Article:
Two-thirds of U.S. planning less travel

Gas prices shorten trips

July 9, 2010 Updated May 13, 2008 at 6:12 PM EDT

...

Gas prices shorten trips

July 9, 2010 Updated May 13, 2008 at 6:12 PM EDT

SKOKIE, Ill. -- Most Americans see their gas tanks as half empty.

Two in three U.S. adults (66 percent) who plan to take a road trip this summer say rising gas prices have changed their travel plans. About three in five (57 percent) now plan to take a trip for a shorter amount of time and/or distance. One in ten (10 percent) have cancelled or will cancel trips altogether.

These are some of the results of Rand McNally's annual Great American Road Trip Survey. Harris Interactive conducted the survey of 2,030 U.S. adults.

Road Trip Plans and Preferences: Despite their plans to take shorter trips, Americans this summer will continue their love affair with the open road. Three in four adults (75 percent) are at least somewhat likely to take a road trip this summer, and about three in ten (29 percent) say they are very likely. Those who intend to take a trip say their trips will last an average of about five days. Eighty-five percent will take trips of a week or less.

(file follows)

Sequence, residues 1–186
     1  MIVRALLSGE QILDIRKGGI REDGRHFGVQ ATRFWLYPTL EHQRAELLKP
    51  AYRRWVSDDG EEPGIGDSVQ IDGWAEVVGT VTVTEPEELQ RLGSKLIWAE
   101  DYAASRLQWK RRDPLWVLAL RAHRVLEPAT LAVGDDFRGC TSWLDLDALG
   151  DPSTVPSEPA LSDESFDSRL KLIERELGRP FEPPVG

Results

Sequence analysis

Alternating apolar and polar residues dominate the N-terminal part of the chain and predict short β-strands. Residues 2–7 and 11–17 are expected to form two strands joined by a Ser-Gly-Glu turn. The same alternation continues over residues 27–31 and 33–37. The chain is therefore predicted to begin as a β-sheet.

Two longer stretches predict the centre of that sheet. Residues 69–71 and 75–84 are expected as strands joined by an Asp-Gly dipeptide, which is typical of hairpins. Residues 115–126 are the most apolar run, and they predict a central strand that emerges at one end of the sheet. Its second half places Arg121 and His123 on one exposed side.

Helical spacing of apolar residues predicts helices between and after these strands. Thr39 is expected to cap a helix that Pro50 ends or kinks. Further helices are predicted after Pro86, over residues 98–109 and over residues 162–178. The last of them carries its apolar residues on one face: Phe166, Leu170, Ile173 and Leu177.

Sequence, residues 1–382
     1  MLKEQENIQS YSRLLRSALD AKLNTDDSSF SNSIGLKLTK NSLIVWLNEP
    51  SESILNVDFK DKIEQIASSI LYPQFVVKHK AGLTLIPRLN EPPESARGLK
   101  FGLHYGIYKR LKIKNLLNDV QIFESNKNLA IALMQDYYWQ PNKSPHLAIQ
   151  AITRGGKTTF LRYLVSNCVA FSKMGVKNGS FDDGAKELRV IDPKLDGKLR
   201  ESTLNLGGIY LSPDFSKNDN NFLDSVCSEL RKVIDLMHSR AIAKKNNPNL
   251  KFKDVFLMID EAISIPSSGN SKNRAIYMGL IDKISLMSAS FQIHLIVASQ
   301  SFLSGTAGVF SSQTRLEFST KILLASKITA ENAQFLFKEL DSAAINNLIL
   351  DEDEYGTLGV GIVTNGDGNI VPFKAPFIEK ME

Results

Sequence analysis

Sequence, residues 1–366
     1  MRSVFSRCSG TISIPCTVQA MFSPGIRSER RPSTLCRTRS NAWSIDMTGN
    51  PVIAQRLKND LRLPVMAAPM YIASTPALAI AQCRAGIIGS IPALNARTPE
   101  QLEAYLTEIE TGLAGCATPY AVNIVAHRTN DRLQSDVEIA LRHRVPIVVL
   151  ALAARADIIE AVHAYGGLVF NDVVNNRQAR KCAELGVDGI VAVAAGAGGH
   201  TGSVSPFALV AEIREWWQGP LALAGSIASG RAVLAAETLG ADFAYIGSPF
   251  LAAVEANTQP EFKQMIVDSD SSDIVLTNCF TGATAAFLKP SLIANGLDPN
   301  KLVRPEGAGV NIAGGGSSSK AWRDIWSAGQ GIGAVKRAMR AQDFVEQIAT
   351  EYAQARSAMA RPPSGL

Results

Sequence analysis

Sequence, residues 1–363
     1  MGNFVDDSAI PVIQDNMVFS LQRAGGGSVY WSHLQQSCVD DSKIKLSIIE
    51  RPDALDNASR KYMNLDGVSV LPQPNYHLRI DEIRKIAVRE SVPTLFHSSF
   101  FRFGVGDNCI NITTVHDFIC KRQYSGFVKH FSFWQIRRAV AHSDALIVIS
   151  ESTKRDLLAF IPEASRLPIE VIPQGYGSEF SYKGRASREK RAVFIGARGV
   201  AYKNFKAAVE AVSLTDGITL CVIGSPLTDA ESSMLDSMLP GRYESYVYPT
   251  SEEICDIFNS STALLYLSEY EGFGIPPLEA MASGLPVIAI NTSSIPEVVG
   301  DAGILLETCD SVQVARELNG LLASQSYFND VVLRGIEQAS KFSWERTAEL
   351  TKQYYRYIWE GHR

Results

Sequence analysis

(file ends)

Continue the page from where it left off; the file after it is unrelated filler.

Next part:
A number of factors -- including concerns about airline industry turbulence -- would drive travelers to take road trips this summer. Overall, one-quarter of adults (25 percent) say they would be more likely to take a road trip if there is an increase in the cost of other modes of transportation, such as airfare (24 percent). In addition, airline concerns, such as increases in flight cancellations (15 percent) and delays (13 percent), would make about three in ten adults (28 percent) more likely to take road trips.

When it comes to picking a destination, Americans head for the water. Overall, one in four adults (25 percent) select a beach or lake getaway as their ideal road trip destination. Waterside settings beat out places such as amusement parks (10 percent), mountain getaways (8 percent) and national or state parks (8 percent) for the top spot.

"In recent years, we've seen rising fuel prices and airline-related concerns prompt travelers to take shorter trips," said Rand McNally Editorial Director Laurie Borman. "Even so, the American tradition of the summer road trip remains strong, with three-quarters of adults at least somewhat likely to take a summer road trip in 2008."

To submit a comment on this article, your email address is required. We respect your privacy and your email will not be visible to others nor will it be added to any email lists.